Now that we’re officially into autumn, it’s fast approaching that time of year again when many of us (myself included) start thinking about how soon is ‘too soon’ to stick the heating on. Having spent most of last week working in the Lake District I can tell you that for some that time is already here!
It’s also the time of year when those of us living in older, less thermally efficient houses start to remember just how cold it can get over the winter, or how expensive it can be to maintain reasonable comfort levels.
Anyone with an eye on the mainstream media over the last few months will be aware that most Government energy efficiency schemes have now either been scrapped or are under consultation. While this initially sounds like very bad news, it’s worth noting that the majority of these schemes are being scrapped because they either were massively under-subscribed (Green Deal) or were only meant to be short term drivers towards a long term goal (Green Deal Home Improvement Fund / ECO).
While these schemes did provide a useful incentive for some, our ten years of supporting clients through low-energy retrofit projects has shown us that homeowners are usually willing to use their own money to finance works so long as at least one of three aims are achieved:
- That the measures improve the property
- That the investment results in an overall saving through energy bills
- The property ends up warm and cosy
This tends to ring true whether we are talking about whole house retrofit or looking at a smaller package of measures. The key here being that homeowners need to feel they are getting something for their money. This is where energy efficiency improvements differ from most other investments homeowners will make, i.e. when you buy a new sofa for example, it’s clear what you’re getting for your money straight away. This is of course the reason Parity Projects was set up in the first place; to offer bespoke guidance to homeowners as to which measures will have a positive impact on either their bills or comfort levels in their property (or both).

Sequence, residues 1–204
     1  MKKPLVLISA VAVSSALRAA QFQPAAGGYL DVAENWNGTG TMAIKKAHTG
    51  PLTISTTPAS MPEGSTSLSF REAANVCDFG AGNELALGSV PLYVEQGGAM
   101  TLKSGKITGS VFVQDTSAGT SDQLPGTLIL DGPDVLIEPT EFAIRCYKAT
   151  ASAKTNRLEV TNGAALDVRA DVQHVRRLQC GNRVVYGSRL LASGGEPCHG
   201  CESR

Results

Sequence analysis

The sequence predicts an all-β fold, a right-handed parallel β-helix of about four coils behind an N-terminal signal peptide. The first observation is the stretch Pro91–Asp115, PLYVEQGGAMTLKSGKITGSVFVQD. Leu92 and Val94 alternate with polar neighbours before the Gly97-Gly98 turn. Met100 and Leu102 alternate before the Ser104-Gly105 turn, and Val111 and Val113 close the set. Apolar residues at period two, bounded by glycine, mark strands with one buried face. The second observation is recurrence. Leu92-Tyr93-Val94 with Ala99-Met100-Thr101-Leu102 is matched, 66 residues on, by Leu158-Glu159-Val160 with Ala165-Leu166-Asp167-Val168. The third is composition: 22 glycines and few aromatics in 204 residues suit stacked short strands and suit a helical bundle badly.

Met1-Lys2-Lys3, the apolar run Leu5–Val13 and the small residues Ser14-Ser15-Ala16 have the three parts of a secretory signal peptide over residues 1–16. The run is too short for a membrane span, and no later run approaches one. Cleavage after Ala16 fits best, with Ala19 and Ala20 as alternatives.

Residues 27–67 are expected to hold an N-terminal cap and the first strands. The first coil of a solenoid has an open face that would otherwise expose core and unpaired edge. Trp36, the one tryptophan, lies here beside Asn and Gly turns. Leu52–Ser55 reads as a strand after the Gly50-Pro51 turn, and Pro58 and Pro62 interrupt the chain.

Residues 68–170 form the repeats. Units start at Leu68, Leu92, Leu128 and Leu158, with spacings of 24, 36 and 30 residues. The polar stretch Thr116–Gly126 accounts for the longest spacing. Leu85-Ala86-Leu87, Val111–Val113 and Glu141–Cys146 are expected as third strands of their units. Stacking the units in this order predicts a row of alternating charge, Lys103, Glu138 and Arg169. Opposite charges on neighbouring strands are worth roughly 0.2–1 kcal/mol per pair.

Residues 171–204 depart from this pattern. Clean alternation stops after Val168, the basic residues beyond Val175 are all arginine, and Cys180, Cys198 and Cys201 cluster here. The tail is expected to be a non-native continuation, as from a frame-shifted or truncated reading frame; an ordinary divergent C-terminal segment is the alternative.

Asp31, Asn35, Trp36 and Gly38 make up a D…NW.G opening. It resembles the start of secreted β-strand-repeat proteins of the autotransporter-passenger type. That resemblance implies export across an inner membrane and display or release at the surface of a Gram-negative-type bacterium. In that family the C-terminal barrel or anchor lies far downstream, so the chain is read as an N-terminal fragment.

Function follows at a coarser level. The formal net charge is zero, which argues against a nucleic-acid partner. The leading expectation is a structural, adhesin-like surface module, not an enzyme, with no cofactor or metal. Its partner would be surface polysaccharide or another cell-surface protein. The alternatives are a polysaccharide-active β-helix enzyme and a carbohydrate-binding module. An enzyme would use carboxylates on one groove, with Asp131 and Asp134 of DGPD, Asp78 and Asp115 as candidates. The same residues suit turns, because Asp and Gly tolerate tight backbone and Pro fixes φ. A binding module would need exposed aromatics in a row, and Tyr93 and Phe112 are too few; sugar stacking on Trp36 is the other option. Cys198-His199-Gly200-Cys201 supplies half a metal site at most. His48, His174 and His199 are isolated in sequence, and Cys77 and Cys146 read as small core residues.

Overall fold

So what do you do this autumn if you’re a homeowner with a cold, inefficient house but not looking to invest in a whole house retrofit project that may take 10-15 years to pay for its self in running cost savings? Our advice would be that if you’re looking to stay in the house for at least 5 years then it’s definitely worth thinking about a package of retrofit measures with a sub 5 year payback period. Obviously savings will vary from property to property, but it’s sometimes surprising the savings to be found from non-invasive, relatively low cost measures. If you are looking to stay in the property in the longer term but maybe the up-front cost of the ‘big win’ retrofit measures is putting you off then it’s worth noting that smaller improvements could be made now which allow for future improvements to be made as and when they are financially viable.